Man-made space junk a growing problem on and beyond Earth

Erin Collins
News Editor


Contrary to its calm and vacant appearance, outer space has become a busy place.

The region in close proximity to planet Earth is particularly crowded, with over 22,000 chunks of rockets, defunct satellites, and various other forms of human debris floating about in disarray. Unfortunately, this junk doesn’t drift off into the cosmos; many pieces lurk near well-functioning, billion dollar space technologies and pose long-term threats of collision and substantial damage. To make matters worse, frequent collisions are causing debris to rapidly multiply over time.

The increasing perils of space junk pose a particular threat to technologies utilized for communication, disaster management, and other important services. The Canadian Space Agency (CSA) currently receives alerts almost every week from the US Strategic Command that their million-dollar satellites are in the route of a debris chunk’s destructive course.

In an effort to protect their satellites, CSA has recently taken to activating onboard “thrusters” to move them away from approaching space trash – an action they performed five times in 2011.

But as the heavens become increasingly cluttered, more drastic methods may be required to salvage functioning—and highly expensive—technologies. One solution currently being evaluated by engineers is the use of gigantic space tow trucks to travel around the planet and pick up debris. In addition, there is a now an international regulation that requires all satellites to possess the means by which they can be moved out into so-called “graveyard orbits” before they shut down.

Besides the damage of expensive property in the void above, there is another concerning consequence of growing space junk—one a little closer to home. On several instances, debris has fallen from the heavens and returned to Earth. In 1997, a woman jogging in Oklahoma was struck on the head by a chunk of material from a Delta 2 booster. She was unharmed.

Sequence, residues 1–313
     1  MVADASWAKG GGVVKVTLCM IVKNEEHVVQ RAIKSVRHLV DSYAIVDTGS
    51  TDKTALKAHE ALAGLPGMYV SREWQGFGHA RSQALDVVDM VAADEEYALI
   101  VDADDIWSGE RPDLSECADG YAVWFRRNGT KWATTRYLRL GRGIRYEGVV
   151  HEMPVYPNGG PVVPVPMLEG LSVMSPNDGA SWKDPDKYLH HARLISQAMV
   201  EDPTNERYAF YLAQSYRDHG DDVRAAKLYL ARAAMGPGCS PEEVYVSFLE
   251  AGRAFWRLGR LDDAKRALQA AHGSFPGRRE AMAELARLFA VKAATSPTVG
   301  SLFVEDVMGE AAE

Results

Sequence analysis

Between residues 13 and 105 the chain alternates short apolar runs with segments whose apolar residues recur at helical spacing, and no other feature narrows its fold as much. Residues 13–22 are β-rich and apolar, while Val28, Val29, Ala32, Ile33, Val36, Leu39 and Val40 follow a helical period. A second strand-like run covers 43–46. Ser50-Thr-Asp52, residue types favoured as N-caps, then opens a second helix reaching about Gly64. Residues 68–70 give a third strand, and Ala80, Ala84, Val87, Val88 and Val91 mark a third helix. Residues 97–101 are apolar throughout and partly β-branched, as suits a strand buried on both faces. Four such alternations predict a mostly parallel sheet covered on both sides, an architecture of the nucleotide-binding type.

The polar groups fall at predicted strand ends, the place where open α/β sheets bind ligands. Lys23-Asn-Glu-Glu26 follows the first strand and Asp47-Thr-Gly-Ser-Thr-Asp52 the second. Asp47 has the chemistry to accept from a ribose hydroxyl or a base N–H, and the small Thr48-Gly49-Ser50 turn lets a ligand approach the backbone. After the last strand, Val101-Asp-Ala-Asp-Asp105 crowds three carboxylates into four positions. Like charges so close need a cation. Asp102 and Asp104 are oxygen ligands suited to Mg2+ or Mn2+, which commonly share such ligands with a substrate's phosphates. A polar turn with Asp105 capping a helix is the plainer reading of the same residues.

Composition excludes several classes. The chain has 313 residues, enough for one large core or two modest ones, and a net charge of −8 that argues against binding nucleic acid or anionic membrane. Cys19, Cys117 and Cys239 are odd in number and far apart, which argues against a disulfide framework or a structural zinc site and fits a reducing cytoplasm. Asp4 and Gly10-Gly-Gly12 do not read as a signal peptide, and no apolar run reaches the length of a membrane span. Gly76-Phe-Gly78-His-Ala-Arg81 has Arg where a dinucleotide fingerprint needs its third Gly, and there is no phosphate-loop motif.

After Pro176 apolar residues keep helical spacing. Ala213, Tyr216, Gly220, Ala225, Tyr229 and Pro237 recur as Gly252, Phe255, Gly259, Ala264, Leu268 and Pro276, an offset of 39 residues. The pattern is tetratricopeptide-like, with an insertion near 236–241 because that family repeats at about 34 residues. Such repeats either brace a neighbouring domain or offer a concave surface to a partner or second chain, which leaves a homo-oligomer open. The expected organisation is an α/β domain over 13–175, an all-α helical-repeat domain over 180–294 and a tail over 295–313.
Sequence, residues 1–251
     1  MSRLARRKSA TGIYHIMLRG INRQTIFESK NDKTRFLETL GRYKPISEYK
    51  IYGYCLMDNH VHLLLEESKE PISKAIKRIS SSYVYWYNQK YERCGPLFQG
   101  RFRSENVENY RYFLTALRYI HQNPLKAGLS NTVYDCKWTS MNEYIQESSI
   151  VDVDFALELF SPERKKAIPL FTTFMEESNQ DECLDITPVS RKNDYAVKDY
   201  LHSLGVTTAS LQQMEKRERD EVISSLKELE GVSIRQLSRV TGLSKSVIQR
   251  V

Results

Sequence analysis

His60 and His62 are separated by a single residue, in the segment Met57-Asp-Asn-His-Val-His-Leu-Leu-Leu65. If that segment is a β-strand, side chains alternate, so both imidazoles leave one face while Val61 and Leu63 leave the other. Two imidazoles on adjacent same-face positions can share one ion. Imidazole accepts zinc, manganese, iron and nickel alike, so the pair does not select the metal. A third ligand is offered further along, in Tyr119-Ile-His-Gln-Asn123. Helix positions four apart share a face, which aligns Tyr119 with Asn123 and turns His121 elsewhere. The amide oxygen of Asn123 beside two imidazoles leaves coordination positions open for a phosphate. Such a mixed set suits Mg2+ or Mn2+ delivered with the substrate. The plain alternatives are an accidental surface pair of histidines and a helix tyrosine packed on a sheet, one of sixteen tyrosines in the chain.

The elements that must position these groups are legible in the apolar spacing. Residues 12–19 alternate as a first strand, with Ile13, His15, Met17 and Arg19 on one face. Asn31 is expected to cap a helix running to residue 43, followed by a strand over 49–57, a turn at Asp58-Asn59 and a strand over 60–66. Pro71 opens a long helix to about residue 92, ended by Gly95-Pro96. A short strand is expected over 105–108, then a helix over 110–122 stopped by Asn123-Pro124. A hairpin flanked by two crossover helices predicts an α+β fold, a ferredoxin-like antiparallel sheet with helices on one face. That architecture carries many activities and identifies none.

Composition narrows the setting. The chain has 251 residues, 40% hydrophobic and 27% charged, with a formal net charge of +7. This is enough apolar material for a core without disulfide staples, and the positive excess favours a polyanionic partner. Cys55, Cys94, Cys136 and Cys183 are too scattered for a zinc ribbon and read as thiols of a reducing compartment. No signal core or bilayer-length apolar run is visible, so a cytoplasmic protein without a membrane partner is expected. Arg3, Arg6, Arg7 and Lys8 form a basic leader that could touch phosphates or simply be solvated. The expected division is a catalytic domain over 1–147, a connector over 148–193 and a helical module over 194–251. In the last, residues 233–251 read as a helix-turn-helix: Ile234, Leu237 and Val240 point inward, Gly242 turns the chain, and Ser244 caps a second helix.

In 2000, a whopping 13,227 pounds of debris from the deorbited Compton Gamma Ray Observatory plummeted into the Pacific Ocean, and in 2001, pieces from the 286,600 pound Mir Space Station fell around Fiji.

No one has been injured by falling space junk thus far. Unfortunately, the rate at which these objects return to Earth has increased drastically. Experts like NASA orbital debris scientist Mark Matney estimate that one piece of debris re-enters the planet every day.

A new and unique 3D film, titled Space Junk, hopes to raise awareness about the severity of this growing problem. After premiering on Jan. 13, it will be featured at science centres about the world in an effort to inform potential future targets of the dangers that lurk in the cluttered heavens.

As reported by Space.com, director Melissa Butts aspires to communicate the need for a solution through her film.

“I hope that people take away from this film that there are consequences to our actions. We haven’t quite figured out how we’re going to clean it up yet, but I believe there is a will to make it better. I expect that young people watching this film in various parts of the world will be integral in finding a long-term solution,” she says.

Photo by NASA